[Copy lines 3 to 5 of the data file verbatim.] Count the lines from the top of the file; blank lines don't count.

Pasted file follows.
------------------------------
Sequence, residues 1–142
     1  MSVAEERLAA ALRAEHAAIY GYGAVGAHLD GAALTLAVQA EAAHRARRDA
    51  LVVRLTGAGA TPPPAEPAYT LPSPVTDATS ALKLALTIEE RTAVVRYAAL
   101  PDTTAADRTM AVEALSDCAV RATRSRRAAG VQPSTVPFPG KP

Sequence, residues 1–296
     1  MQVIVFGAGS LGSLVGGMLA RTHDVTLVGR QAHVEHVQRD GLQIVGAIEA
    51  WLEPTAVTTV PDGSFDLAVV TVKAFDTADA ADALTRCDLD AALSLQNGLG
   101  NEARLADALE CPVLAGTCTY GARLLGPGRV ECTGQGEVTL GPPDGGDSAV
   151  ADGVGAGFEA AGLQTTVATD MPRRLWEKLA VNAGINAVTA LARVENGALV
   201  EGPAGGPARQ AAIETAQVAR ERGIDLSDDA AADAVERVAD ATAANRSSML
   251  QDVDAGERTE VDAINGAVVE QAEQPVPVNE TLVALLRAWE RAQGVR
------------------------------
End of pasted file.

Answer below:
    51  LVVRLTGAGA TPPPAEPAYT LPSPVTDATS ALKLALTIEE RTAVVRYAAL
   101  PDTTAADRTM AVEALSDCAV RATRSRRAAG VQPSTVPFPG KP

Sequence, residues 1–296